Should you separate your twins at school? This question affects many of you; if you are reading this you are probably one of them. Whilst in the UK there is no hard core policy recommending separation or keeping the children together in the same class (phew, relief!), it is still commonly believed by strongly opinionated teachers and parents alike that separating twins early on is the sensible way to go, and whilst these opinions are well-meaning, it does put a skew on the way you, as parents of twin children, are guided through the process in the early years.
A report by the Twins Early Development Study (Teds) carried out by King's College London found that twins separated at the start of primary school had more emotional problems on average (anxiety, shyness, withdrawal) than in non-separated twins. Identical twins, and especially boys rather than girls, showed more emotional problems, than non-identicals.
As a mother to "identical" twin boys now aged nine I would like to share my knowledge and experience with you, I would like to urge you to do your research, and to become as opinionated as your teachers! This is a subject that really matters, that should not be taken lightly, or without "knowledge". This is a subject that affects our children's early years, their development, their confidence, their view of themselves, their overall happiness, their future. Whilst we must encourage or quietly nudge our twins to become independent from each other, it is our strong belief that we must also very respectfully let nature take its course. Parents must have a say, and must decide when their children are ready to be separated. Only you know your children, only you know what is best for them, naturally and in their own time. Wait for the signs and your children will tell you themselves. I remember when ours started their first year at school aged four we sat them down to tell them about "big" school and what that entailed (their school had recommended they be separated and we therefore accepted not knowing any better, as it did in fact make sense). I began my well-rehearsed speech about having "double the friends" and la-di-da, only to find my two boys with their heads on the table crying in tears. The reaction was so strong and so fast, I hadn't even finished my sentence, that it took me aback. Only as a parent to twins do you realise and fully understand this unique bond. On one occasion at a birthday party in the park, very recently in fact, one of our twins ran off with some friends, quite far, and on seeing some of the mothers' worried faces as nobody could find them, our other twin began to hyperventilate and tears started falling down his face from fear of losing his brother. One mother who saw this was fascinated and started asking me more. It is fascinating to watch. This type of reaction, that is already so common to us as we have experienced it so many times, goes beyond what a non-twin would feel for his brother. This is the "twin bond" people talk about when they refer to twins, this real emotional togetherness, that you and I, as non-twins, will never experience.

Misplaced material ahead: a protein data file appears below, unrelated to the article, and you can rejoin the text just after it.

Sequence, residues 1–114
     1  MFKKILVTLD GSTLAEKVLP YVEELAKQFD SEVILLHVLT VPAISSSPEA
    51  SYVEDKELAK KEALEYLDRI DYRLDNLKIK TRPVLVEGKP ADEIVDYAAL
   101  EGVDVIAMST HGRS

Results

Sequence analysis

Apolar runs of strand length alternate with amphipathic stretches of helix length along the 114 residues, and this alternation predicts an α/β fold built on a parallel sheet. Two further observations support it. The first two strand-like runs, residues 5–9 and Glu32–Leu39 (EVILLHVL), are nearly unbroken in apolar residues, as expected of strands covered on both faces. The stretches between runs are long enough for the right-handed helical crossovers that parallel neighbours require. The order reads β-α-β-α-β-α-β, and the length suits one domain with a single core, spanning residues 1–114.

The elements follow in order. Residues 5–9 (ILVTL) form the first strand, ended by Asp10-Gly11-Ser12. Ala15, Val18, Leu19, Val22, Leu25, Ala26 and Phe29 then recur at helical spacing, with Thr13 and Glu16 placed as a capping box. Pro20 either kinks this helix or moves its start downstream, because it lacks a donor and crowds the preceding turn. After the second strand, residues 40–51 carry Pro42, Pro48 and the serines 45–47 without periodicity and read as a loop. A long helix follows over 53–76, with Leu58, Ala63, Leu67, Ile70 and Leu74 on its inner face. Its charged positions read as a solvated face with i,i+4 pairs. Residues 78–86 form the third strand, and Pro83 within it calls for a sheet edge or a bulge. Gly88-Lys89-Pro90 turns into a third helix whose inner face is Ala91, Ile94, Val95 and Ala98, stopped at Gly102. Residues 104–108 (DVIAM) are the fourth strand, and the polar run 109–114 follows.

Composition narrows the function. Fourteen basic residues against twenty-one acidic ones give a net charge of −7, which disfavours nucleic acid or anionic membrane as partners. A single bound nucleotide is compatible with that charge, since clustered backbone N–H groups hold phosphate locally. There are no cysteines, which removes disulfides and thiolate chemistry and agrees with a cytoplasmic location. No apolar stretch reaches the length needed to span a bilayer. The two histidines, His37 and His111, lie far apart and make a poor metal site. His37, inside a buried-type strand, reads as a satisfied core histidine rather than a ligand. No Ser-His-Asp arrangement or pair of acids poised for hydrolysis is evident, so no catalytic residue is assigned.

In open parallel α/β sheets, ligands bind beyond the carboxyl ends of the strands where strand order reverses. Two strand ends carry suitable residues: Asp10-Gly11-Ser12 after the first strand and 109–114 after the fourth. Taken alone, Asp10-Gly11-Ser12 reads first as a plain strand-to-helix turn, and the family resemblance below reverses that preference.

Our children will remain another year together having spent the last two together, in spite of some protesting from their teachers, but thankfully we are already seeing signs that they are becoming ready to be in different classrooms. Again, in their own time. We are very relieved that we did our research, even if two years too late. We are happy that our children can feel relaxed, and "heard" and "understood", and their individual needs met. We are also happy that on the whole, albeit individual teachers' opinions against the contrary, our school was so open and accommodating. Three years ago, we asked for a meeting with our Headmaster and handed him the research we had read, which we had stumbled upon on the Twins Association (TAMBA) website, about twins' development and the whole subject of separation at school. This excellent piece of research can be found here and I encourage you to read it, not tomorrow, but today, right now. Our Headmaster was open, interested, and promised to hand out a copy of the research to every single one of the teachers at the school. Not all stories are positive though, a mother from Spain contacted me about a year ago, and told me her story. In Spain, schools demand that twins are separated. Full stop. She had taken her plea to radio stations and the press with a view to changing this policy. She had taken her case to her local authorities, but she was making slow progress. I hope that she will get there. The largest and most recent study conducted in the UK certainly suggests that separation at age five is not ideal, and whilst some twins sail through school without a care in the world, others struggle unnecessarily, and it is our duty as parents of twins to encourage teachers and schools to treat each decision on whether to separate or keep them in the same classroom on a case by case basis, in consultation with us, the parents, based on the current research that exists. This makes much more sense to us.
Did you know? Last week was 'Twins, Triplets and More' Week in the UK! For more information, feel free to contact Patricia at firstname.lastname@example.org, or via her website www.kidsin.club. For more information on TAMBA click here.